Samuel Taylor Coleridge looks into the character of Hamlet as described in his action in the play. In Macbeth, Hamlet’s mind is full of indifferent matters as he seeks to kill the king. He thinks of the mistress instead of focusing on the main action (II.1.31). It demonstrates his weaknesses since he takes a while before conducting the act, which then closes the window of opportunity. In Act II, Scene 2, Hamlet has another window of opportunity and laments that ‘Now I am alone, ’ but he enters into a raging delirium as he questions his neglect towards performing the solemn duty. His delirium is on what Hecuba means to him and whether he should weep for her; eventually he did weep for her but does not undertake the action yet again.
The tale shows the grand opportunity Hamlet had to kill his uncle but his mental state and emotions slow him down to pounce on the opportunity. The fear and lack of commitment seem to be a major weakness towards Hamlet as Dryden notices it in him. Dryden states that, despite the conviction to kill the king, Hamlet’s madness makes him too weak to undertake the obvious duty. According to Coleridge, Hamlet’s sense of imperfectness becomes apparent in the churchyard, where he is moralizing the skull (248). His attachment to Ophelia makes him incomplete and deficient, acting as a weakness to his actions. It is evident in two situations: when the heroine decoy works on him and when he finds the witnesses behind the arras.
Another situation that demonstrates Hamlet’s weaknesses is when he finds his uncle, Claudius, praying and does not take the opportunity to kill him. Hamlet acknowledges that his iniquity has risen to the point of repentance and confession as he laments “Why, this is hire and salary, not revenge’ (Coleridge, 248). Despite missing his window of opportunity, Hamlet states that he will catch him in another act where he will have no relish of salvation. From the various scenes, it is evident that Hamlet’s madness does not allow him to undertake the task. He had a good window of opportunity, but his unstable mental state makes him forfeit the action. He worries too much about whether his actions is sane or insane instead of completing the action.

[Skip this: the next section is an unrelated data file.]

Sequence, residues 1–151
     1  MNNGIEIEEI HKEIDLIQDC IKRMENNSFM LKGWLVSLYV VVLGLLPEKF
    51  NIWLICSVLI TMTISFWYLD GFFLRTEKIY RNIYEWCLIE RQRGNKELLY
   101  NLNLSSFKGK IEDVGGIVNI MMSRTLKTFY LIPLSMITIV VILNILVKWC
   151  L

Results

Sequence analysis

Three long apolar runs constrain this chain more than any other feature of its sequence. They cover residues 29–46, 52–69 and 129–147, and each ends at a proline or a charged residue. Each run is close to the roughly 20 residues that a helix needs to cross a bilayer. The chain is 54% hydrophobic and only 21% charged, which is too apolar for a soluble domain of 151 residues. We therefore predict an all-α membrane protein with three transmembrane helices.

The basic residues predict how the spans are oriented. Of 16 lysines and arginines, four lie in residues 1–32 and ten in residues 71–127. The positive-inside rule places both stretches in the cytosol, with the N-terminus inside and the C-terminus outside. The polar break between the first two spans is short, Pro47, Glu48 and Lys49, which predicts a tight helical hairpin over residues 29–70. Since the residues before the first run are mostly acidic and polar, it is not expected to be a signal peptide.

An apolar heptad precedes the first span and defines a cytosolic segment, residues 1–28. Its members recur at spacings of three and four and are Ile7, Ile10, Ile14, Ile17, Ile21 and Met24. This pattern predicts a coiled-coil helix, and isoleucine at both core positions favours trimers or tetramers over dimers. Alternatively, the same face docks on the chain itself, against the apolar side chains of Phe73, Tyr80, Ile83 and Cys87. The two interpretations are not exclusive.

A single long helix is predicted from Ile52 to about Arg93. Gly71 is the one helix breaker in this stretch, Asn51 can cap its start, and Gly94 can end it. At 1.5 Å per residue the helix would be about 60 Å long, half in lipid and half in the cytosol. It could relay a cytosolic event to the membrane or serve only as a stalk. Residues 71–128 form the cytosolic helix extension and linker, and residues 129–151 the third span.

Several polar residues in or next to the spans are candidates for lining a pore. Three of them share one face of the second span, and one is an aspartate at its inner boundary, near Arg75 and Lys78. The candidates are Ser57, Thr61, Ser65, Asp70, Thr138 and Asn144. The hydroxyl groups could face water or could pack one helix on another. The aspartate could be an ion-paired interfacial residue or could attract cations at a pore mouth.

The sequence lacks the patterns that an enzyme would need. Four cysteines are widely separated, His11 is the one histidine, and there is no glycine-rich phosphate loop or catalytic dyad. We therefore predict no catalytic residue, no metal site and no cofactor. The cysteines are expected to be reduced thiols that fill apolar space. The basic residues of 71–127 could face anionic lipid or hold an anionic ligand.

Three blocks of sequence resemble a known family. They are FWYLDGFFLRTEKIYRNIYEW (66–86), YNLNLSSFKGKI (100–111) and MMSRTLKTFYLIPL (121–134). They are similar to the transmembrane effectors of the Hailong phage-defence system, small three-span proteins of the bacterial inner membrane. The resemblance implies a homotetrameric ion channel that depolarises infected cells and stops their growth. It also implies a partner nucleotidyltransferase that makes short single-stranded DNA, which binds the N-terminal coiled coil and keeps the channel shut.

Eliot concludes that Hamlet’s insanity as portrayed by Shakespeare stands out as fear and emotional distress (par 12). His levity, repetition of phrases, and puns act as his emotional relief and not the deliberate plan in dissimulation. His emotions act as buffoonery towards finding an outlet to his actions and makes him weak. However, he manages to kill the King, but that comes at a price. Everyone he meets dies even Rosencrantz and Guildenstern, who are innocent characters in the play (Bali 84). Hamlet loose his first objective from the play’s beginning, which makes the reader wonder whether Shakespeare’s main objective was to delay the killing or prolong the play. His madness does allow him to connect with his mother and father but through the ghost.
There are various opinions towards Shakespeare’s play, Hamlet, especially on the main character’s main purpose or objective in the story. Moreover, Eliot believes that Shakespeare gave Hamlet too much voice, making him a great character yet he fails to meet his objective in the shortest time possible. However, one can understand Hamlet’s insanity and what it leads to in the end.
Works Cited
Bali, Shweta. “Mechanics of Madness in Hamlet, Macbeth, and King Lear.” IUP Journal of English Studies 9(4) (2014): 81-86. Print.
Coleridge, Samuel Taylor. “Lecture on Hamlet.” Customer’s File (n.d.): 245-249.
Eliot, Thomas S. Hamlet and His Problems. 2016. Web. 17 March 2017. < http://www.bartleby.com/200/sw9.html>
Shakespeare, William. The Tragedy of Hamlet, Prince of Denmark. 2016. Web. 17 March 2017.

Act V Scene 2
HORATIO